FEATURING INNOVATIVE PROGRAMS IN NATURE WRITING AND TRANSLATION
Summer is closer than you think. Make 2017 the year you take your writing to the next level at the Kenyon Review Summer Workshops. Whether you’ve been writing for years, have recently graduated from an MFA program, or have just now decided to take the leap out of your private notebooks and into a classroom, you’ll find a productive, supportive, intense workshop in which to accomplish your literary goals. KR
’s 2017 Adult Summer Workshops include:
JUNE 17-24, 2017
Fiction: Lee K. Abbott, E.J. Levy, Nancy Zafris
Nonfiction: Rebecca McClanahan, Dinty W. Moore
Poetry: David Baker, Joanna Klink, Carl Phillips
JULY 8-15, 2017
Fiction: Christopher Tilghman, Nancy Zafris
Nonfiction: Geeta Kothari
Poetry: Natalie Shapero
Nature Writing: David Baker
Workshop for Teachers (partial scholarships available!): Erick Gordon, Brad Richard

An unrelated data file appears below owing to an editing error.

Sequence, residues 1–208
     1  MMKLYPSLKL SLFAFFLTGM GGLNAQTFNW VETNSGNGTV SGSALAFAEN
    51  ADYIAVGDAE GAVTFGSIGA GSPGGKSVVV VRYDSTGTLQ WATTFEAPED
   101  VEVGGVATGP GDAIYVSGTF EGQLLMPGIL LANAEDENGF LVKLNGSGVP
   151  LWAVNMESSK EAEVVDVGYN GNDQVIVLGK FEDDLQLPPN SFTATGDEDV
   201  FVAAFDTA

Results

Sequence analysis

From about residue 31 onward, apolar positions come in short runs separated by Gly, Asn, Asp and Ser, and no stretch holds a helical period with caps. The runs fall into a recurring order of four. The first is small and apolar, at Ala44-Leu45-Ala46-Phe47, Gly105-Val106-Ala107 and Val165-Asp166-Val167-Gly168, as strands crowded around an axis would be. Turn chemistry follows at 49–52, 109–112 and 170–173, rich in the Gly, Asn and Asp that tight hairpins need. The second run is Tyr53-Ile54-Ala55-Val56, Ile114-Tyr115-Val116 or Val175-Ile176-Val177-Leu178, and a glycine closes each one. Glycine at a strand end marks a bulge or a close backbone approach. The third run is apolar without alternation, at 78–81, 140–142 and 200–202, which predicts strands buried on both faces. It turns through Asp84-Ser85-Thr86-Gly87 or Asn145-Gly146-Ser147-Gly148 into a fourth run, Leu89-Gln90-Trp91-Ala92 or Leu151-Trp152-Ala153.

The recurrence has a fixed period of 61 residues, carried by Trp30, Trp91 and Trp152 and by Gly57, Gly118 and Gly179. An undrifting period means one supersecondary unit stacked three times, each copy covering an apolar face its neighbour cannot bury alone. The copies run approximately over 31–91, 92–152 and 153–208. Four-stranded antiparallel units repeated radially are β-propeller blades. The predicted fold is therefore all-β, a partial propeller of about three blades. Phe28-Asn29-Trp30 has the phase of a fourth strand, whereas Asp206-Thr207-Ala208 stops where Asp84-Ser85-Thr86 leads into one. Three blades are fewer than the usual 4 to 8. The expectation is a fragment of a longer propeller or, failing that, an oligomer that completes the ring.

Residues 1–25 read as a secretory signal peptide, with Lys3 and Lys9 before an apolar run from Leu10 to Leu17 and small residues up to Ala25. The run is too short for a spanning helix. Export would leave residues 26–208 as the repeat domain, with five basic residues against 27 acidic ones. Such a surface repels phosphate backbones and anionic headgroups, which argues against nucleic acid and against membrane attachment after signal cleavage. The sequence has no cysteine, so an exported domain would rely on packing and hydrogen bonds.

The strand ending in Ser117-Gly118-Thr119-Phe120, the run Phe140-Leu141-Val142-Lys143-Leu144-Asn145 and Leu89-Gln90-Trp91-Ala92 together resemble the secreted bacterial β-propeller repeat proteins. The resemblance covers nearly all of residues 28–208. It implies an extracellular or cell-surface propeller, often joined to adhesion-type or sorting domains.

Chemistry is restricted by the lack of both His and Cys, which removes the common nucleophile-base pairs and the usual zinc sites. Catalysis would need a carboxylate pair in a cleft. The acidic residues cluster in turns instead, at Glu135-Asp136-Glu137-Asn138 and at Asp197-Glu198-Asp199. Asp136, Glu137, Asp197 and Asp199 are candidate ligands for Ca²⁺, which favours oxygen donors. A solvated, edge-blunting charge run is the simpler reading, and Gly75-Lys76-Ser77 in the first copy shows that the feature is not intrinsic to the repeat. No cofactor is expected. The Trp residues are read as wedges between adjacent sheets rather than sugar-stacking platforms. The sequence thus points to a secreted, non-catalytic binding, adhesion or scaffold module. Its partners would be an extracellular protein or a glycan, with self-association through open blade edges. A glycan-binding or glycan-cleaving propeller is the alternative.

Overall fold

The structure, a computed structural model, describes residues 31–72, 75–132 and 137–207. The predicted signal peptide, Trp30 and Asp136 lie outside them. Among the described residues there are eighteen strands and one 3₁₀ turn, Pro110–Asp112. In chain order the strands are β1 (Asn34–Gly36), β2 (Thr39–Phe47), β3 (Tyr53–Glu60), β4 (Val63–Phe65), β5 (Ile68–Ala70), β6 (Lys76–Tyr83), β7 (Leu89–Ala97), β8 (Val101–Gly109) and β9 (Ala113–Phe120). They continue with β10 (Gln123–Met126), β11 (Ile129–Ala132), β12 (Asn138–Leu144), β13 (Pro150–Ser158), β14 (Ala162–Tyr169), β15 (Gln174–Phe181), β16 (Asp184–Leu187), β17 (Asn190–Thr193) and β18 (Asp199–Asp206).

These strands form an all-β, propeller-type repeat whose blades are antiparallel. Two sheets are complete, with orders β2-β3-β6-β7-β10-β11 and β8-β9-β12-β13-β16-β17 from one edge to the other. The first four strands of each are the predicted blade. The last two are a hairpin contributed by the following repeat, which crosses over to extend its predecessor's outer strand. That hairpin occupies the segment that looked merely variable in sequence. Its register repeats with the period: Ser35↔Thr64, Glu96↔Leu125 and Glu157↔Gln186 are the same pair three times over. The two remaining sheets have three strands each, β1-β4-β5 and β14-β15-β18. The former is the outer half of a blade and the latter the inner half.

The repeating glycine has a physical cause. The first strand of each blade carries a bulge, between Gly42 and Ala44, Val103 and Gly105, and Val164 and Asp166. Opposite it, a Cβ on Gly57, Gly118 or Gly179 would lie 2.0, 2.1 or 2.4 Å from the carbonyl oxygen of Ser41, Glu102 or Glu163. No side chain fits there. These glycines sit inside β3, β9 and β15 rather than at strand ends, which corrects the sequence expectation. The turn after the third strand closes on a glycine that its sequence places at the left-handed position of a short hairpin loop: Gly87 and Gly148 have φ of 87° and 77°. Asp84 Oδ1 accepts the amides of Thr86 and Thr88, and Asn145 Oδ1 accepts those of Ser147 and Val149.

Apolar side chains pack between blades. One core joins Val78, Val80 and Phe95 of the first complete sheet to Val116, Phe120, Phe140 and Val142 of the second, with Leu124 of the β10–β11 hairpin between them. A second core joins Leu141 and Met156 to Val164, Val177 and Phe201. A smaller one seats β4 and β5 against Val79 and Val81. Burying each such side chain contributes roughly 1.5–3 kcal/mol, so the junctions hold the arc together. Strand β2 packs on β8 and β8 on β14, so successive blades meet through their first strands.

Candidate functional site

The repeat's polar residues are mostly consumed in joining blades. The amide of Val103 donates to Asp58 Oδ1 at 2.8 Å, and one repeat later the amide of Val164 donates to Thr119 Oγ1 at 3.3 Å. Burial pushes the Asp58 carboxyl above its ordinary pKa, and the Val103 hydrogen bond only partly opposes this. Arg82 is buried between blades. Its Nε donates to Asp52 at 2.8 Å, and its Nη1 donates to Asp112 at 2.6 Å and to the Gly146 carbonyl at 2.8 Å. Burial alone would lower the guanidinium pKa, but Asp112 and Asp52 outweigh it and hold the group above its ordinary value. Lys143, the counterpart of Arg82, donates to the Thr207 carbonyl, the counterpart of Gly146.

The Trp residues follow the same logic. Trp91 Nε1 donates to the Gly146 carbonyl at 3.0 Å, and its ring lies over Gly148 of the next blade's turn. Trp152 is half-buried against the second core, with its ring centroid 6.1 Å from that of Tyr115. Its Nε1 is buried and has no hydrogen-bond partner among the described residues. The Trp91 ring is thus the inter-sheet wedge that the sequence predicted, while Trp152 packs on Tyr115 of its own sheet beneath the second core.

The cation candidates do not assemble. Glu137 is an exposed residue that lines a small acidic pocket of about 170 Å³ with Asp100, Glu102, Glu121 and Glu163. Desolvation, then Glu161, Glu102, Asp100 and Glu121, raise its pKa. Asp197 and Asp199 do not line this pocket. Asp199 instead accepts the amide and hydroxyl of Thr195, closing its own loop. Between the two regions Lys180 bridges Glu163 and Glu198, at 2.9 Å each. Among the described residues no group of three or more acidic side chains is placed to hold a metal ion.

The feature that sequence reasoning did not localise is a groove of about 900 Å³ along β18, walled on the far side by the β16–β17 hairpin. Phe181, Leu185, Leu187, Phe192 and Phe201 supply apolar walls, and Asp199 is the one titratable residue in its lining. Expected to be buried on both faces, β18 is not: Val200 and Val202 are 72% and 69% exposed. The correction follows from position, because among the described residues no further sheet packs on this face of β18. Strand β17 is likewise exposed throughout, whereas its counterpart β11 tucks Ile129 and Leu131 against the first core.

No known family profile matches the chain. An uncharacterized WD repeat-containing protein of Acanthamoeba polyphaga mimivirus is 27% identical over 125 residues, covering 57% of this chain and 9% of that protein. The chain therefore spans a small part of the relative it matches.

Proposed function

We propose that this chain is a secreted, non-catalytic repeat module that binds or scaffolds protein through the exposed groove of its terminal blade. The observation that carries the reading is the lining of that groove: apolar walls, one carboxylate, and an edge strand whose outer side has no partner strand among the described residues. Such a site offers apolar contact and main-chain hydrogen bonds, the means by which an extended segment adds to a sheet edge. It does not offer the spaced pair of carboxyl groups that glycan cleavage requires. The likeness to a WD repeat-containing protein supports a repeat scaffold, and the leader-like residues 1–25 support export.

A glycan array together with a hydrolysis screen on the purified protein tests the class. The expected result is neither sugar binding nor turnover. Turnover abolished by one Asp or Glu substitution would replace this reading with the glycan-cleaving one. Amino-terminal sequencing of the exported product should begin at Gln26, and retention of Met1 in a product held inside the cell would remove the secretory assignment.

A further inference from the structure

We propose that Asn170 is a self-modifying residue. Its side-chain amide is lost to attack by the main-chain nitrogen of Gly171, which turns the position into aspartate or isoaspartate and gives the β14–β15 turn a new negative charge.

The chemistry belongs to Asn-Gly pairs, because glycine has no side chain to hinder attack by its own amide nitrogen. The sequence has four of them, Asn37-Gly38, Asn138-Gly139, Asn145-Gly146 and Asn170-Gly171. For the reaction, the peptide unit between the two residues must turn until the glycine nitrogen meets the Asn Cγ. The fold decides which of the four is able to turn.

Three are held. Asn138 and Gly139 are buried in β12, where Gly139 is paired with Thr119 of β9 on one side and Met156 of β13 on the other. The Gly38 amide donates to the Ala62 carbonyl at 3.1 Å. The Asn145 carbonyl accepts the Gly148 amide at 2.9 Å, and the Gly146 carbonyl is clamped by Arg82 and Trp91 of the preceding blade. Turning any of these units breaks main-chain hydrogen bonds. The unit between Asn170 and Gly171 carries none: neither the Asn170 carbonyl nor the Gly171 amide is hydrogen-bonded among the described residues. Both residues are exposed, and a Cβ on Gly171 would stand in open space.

NEW! Translation: Katherine Hedeen, Elizabeth Lowe
Online applications are available now.
Read more about the KR Writers Workshops.
Do you know a Young Writer (ages 16-18)?
The Kenyon Review
is now accepting applications for its Young Writers Workshop, an intensive two-week workshop for intellectually curious high school students who value writing. KR
’s goal is to help students develop their creative and critical abilities with language—to become better writers and more insightful thinkers.
Scholarships are available for those who demonstrate financial need. The application deadline is March 1st. To learn more, please visit our website.
Jan/Feb issue now out!
Curl up with the best of winter reading in the latest issue of the Kenyon Review
! Revel in stories by the winners of the 2016 Short Fiction Prize
; brilliant fiction from Katherine Zlabek
and Mary Terrier
; dazzling poetry from Joshua Bennett
, Rosalie Moffett
, David St. John
, and many more; and provocative nonfiction by Dorothy Gallagher
and David Winner
a print copy today or read it on our new app! Don’t have our free app? Download it today!